Bremer and others are trying to work out some program that will satisfy the cleric, and the Iraqis know why Bush is in such a hurry to complete the power transfer by June 1. According to the NYT, Ahmad Chalabi, a savvy Iraqi Governing Council member, said: "The whole thing was set up so President Bush could come to the airport in October for a ceremony to congratulate the new Iraqi government. When you work backwards from that, you understand the dates the Americans were insisting on." American officials deny that electoral concerns played a role in their planning.

A poll koan

The Globe & Mail conducted an online poll recently, in which the question was: "Do you participate in online polls?"

Results: 81% Yes. 19% no (?!)

Hail, the conquering hero

Seven months after landing in a jet fighter on the deck of the carrier Abraham Lincoln, with (literally) fanfare and banners flying, our fearless leader has visited the troops who fought the mission that he proclaimed was accomplished.

No fanfare, no banners this time. A night-shrouded, secret flight into an airbase outside of Baghdad for a quick meal, and a flight out two hours later. Too dangerous to announce the trip. The mission, it seems, is not quite accomplished after all.

But this much I grant the president. He's consistent. He's still a media-manipulating coward.

Wednesday, November 26, 2003

Early warning signs

Here's the deal. Certain regional groups (how selected, how administered?) will choose representatives (how will they choose, how many will they choose?) to meet and then choose (how, when?) a body that will have power (how determined, how administered?) to decide (by what vote, by what form of ballot?) to draft a constitution (of what import?) that will then be submitted (by what means, with what amending or reviewing power?) to the public (of what composition?) for ratification (by what percentage, how determined?), which will then (when--and if not ratified, then what?) be the governing instrument in Iraq.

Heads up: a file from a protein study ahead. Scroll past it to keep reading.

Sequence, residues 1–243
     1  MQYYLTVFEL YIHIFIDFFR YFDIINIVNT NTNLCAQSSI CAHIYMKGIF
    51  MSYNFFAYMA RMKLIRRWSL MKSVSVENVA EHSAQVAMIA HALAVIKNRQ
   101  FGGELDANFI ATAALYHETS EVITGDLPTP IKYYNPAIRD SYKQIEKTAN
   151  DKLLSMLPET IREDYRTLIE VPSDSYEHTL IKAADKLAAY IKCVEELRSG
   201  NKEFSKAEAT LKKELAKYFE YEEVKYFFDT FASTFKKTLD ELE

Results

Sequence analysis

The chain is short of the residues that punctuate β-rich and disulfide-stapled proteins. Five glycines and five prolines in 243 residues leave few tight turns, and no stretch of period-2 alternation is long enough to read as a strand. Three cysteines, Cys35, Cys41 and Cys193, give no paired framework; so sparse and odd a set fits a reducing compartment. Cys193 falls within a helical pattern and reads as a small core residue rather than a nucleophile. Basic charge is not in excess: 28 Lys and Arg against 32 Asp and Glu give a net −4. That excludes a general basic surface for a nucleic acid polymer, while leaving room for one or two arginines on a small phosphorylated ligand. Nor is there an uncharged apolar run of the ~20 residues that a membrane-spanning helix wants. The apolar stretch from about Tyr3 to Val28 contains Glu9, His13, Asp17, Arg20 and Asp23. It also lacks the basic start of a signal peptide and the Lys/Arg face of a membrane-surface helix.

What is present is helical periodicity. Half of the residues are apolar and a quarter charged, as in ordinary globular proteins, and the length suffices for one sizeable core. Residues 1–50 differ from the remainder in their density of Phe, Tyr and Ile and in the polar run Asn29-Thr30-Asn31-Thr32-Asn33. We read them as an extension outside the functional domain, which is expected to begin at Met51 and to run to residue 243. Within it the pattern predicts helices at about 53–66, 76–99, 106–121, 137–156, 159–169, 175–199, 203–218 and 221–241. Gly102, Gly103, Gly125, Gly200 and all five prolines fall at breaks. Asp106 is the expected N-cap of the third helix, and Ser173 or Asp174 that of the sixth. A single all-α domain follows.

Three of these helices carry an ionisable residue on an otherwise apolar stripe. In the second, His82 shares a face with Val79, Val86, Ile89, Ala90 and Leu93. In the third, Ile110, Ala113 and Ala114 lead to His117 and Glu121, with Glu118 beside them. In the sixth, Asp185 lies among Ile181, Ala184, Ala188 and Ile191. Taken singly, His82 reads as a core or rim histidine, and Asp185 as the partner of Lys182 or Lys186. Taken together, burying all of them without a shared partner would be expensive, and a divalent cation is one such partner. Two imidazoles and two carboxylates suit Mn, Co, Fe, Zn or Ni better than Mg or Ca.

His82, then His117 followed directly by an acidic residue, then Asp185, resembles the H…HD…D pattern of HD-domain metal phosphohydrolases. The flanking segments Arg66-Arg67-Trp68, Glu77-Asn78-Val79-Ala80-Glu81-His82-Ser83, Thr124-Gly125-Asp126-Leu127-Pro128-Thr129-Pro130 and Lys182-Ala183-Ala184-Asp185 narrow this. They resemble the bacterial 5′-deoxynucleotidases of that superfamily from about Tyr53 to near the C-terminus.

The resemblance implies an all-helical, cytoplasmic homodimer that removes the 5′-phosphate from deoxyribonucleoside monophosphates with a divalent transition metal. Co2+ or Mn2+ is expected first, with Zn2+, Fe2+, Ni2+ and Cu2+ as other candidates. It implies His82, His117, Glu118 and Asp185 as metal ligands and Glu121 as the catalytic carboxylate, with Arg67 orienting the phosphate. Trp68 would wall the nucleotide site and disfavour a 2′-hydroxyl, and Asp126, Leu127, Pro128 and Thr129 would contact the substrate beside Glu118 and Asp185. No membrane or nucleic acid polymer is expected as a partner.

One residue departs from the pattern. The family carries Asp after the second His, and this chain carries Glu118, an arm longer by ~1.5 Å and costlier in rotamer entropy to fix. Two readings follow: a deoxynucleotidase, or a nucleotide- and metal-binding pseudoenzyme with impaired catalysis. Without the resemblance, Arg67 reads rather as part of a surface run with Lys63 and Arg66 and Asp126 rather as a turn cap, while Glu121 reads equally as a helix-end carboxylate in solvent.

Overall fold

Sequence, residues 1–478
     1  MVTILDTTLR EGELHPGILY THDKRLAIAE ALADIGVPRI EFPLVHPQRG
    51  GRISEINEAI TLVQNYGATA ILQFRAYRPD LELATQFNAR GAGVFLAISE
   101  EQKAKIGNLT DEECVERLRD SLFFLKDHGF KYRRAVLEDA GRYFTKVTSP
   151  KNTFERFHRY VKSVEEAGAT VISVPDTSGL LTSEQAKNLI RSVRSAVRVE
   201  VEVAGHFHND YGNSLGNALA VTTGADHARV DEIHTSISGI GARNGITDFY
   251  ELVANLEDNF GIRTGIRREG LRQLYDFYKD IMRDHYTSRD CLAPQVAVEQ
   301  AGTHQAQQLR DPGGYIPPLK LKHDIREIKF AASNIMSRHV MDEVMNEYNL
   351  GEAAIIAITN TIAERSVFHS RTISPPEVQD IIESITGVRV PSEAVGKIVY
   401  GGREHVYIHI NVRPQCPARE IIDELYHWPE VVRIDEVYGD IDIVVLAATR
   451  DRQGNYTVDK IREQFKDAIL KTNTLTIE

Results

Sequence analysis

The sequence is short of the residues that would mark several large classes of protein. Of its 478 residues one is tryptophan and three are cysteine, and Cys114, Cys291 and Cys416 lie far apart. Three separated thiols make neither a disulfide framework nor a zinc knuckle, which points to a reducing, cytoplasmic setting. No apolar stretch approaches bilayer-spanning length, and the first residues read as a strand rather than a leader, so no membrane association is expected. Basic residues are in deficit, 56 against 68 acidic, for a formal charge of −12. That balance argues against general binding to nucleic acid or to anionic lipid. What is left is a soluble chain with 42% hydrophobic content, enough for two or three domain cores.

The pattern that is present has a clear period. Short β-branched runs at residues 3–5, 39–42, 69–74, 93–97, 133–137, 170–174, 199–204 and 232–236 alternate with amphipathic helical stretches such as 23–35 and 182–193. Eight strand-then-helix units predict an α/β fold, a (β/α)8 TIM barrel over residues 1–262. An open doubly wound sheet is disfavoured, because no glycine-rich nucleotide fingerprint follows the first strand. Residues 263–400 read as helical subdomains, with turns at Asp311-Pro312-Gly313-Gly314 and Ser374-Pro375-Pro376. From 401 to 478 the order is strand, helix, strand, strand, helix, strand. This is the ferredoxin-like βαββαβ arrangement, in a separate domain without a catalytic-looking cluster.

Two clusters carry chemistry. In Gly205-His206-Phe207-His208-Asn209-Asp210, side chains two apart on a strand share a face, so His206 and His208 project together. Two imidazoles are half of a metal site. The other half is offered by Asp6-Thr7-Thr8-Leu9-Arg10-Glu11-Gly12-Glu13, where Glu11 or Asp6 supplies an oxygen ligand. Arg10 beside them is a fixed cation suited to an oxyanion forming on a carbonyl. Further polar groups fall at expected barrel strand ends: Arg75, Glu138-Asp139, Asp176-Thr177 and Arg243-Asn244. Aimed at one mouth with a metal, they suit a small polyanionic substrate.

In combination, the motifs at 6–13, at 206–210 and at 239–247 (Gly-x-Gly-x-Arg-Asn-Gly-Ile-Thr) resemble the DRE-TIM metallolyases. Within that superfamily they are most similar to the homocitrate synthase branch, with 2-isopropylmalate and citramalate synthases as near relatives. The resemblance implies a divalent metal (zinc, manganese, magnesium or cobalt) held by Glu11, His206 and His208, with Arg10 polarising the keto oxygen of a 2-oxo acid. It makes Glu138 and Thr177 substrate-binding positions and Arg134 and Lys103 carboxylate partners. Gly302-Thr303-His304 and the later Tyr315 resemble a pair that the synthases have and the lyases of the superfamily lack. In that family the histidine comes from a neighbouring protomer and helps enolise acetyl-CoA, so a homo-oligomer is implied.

And what if, at the onset of this process, leading forces of the majority Shiites opposes its cant and emphasis?

Ah--Somebody's finally catching on.

Of course it's the French. For those of you who read their language, go here. For the rest of you (including me), here is a translation.

The final paragraphs are too telling to summarize. Read them and weep for us.

"...the [NeoCon's] demonization of al-Qaeda is very practical. A superb media invention, a security haute couture label, a consensual poster for the bounty-hunters of another age, a crude, but effective, propaganda: if al-Qaeda didn't exist, it would have to be invented.

"Since September 11, 2001 the al-Qaeda label has surreptitiously slid from designating a criminal band with Bin Laden at their head, to specifying a high-tech organization, to finally qualifying as a planetary network: al-Qaeda has "CNNized" itself, like the al-Jezira channel which serves its communications. Al-Qaeda is everywhere, therefore, nowhere. Just as the hidden Imam, Bin Laden, simultaneously dead and alive, is behind every unexplained bomb explosion. Fortunately, his organization is there to give sense to all the world's disorders.

"The phantasm of a planetary, pyramidal al-Qaeda, that of a new orchestration or of an International similar in all respects to Comintern's, is in the process of justifying the biggest American military-strategic redeployment effected since the end of the Second World War. The endless war against terror has replaced the war against the Communist monster. Consequently, it's not surprising to see old U.S.S.R. experts redeploying their old scholasticism on the pretext of an Islamist violence about which they know nothing, applying anachronistic Kremlinology schemas to it. These American neo-conservative ideological go-betweens stand guard on the old continent. For the American Empire, it's important that the al-Qaeda mythology persist. To survive, the empire needs an enemy to its measure and to make war on: endless war."

The docile media